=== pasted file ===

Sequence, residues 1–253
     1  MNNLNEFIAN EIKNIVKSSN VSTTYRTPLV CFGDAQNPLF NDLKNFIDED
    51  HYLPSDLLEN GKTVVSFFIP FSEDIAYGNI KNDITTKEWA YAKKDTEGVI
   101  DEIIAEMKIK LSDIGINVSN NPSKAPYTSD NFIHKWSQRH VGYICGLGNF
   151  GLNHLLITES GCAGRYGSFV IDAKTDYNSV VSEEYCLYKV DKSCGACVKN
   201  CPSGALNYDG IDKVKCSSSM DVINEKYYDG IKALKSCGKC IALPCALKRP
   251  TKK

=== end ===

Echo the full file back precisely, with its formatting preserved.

Sequence, residues 1–253
     1  MNNLNEFIAN EIKNIVKSSN VSTTYRTPLV CFGDAQNPLF NDLKNFIDED
    51  HYLPSDLLEN GKTVVSFFIP FSEDIAYGNI KNDITTKEWA YAKKDTEGVI
   101  DEIIAEMKIK LSDIGINVSN NPSKAPYTSD NFIHKWSQRH VGYICGLGNF
   151  GLNHLLITES GCAGRYGSFV IDAKTDYNSV VSEEYCLYKV DKSCGACVKN
   201  CPSGALNYDG IDKVKCSSSM DVINEKYYDG IKALKSCGKC IALPCALKRP
   251  TKK